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Poor job satisfaction can take a toll

How we feel about what we do...A recent study by Met Life revealed some alarming statistics related to job satisfaction you may have not been exposed to before....The percentage of U.S. employers who say they feel a very strong sense of loyalty to their employees has held steady at 57%. But the percentage of employees who say they feel a very strong sense of loyalty to their employers has fallen to 47%, from 59% in 2008, and the percentage who say their companies have a very strong sense of loyalty to them has fallen to 33%, from 41%.

About 40% of the employees surveyed said they have been working harder in the past 12 months, and 25% said they feel even less secure in their jobs this year than they did a year ago, the researchers say. About 36% of current employees say they would like to be working somewhere else by the end of the year.

Add this data to the "real unemployment" stats of 17% and maybe things aren't quite as rosy on the Jobs front as some folks would like us to believe. A total of 53% either unable to find work or unhappy with what they do is more than a blip on the screen of social change. These levels of frustration and unhappiness are unprecedented in our memory and health issues seem sure to follow. It remains to be seen how the implementation of the new Healthcare law will impact these changes, but so far the confusion it has created lead us to believe it won't be positive.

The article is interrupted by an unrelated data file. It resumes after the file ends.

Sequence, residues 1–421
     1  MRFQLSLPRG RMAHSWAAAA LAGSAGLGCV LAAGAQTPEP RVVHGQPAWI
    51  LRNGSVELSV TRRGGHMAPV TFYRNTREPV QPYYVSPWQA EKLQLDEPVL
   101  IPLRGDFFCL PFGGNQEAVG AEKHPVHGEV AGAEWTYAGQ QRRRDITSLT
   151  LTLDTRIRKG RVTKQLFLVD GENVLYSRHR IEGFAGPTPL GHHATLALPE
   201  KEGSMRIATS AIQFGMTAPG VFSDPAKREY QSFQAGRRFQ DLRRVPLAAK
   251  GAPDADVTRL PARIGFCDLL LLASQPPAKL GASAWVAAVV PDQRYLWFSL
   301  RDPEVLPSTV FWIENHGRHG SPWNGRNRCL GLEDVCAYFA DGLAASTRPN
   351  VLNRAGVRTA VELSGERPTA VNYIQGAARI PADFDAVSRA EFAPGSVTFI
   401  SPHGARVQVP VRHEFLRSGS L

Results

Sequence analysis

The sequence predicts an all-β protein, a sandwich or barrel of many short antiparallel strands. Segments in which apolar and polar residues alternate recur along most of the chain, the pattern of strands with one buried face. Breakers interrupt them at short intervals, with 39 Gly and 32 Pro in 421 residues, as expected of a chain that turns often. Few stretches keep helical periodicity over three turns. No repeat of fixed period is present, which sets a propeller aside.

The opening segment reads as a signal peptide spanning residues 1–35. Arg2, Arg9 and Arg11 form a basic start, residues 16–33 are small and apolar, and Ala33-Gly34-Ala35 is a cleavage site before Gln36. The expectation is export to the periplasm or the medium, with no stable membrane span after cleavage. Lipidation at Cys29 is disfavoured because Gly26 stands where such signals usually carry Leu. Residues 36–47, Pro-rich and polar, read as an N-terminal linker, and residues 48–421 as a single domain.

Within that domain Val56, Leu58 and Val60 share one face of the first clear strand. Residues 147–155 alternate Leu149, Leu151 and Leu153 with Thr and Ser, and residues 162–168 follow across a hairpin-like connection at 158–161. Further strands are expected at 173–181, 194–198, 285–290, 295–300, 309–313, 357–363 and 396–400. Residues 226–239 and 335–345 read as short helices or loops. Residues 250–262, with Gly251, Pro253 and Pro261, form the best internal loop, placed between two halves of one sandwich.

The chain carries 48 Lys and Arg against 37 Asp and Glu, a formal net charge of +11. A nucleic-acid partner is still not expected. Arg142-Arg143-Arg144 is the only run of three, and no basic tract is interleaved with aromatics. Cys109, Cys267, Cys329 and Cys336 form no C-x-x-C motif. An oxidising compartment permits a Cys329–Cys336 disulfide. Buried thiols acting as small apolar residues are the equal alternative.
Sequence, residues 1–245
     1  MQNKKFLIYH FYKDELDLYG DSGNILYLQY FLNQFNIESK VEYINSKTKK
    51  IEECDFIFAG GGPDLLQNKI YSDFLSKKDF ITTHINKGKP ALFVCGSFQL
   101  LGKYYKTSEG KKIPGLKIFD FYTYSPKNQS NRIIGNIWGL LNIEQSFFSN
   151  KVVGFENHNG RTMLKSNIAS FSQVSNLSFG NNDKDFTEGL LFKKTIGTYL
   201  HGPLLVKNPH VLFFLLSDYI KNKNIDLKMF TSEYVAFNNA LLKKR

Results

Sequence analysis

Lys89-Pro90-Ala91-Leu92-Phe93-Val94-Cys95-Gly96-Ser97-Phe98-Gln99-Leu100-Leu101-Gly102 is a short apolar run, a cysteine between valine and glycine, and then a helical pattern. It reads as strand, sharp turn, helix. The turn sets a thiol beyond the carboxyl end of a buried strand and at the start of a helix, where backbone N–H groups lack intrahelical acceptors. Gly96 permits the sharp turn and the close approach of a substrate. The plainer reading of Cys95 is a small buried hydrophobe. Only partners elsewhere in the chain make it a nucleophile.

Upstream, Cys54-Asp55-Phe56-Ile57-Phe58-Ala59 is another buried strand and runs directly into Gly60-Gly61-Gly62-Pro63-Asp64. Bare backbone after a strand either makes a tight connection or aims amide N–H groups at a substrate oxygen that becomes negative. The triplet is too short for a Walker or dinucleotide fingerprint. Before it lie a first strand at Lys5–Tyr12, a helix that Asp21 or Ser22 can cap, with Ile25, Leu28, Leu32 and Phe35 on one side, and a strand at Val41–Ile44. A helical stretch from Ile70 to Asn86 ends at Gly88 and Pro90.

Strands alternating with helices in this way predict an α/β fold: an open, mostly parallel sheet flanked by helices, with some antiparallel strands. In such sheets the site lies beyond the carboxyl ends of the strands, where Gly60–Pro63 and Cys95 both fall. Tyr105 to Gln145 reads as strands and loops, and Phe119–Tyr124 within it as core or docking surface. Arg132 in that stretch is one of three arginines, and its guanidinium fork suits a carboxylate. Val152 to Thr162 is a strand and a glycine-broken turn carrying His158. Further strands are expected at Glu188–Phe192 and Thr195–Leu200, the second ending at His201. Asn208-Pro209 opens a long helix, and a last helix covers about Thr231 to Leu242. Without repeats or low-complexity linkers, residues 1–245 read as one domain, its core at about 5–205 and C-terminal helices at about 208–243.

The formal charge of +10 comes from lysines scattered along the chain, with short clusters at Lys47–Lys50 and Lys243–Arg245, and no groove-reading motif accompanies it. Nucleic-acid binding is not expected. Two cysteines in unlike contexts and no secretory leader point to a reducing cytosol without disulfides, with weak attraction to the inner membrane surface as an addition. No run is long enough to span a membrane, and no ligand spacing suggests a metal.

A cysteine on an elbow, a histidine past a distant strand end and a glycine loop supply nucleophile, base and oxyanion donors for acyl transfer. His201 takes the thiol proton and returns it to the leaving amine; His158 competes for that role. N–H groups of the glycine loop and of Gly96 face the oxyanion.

Our attitude about children is changing

America, along with many other countries in the world, is changing its attitude about marriage. According to US Census data we are getting married later in life, but that is old news. What's new is our attitude about having children. Not having children or delaying when to get started is not the same as not wanting children and this new attitude carries with it the seeds for significant social change...and that change is well underway, in the last 30 years, the number of women age 40-44 with no children has doubled, from 10 percent to 20 percent.

In 1960 fifty percent of American households had children, today it is around 25%, the lowest in US history. American researchers attribute this decline to the fact that today's couples express a yearning for companionship, intimacy and personal fulfillment in marriage. In order to thrive, these so-called soul-mate relationships require high levels of maintenance that demand both time and attention. Children, who also require considerable time and attention, are now often seen as competitors.

Marriage has long been one of the most reliable predictors of life expectancy...staying married can increase your longevity by as much as 5 years, compared to people who live alone. Marriages with children tend to last much longer and have a much lower incidence of Divorce than those without children. Will "love" win out in the end, we hope so, but the data suggests otherwise.  Tom LeDuc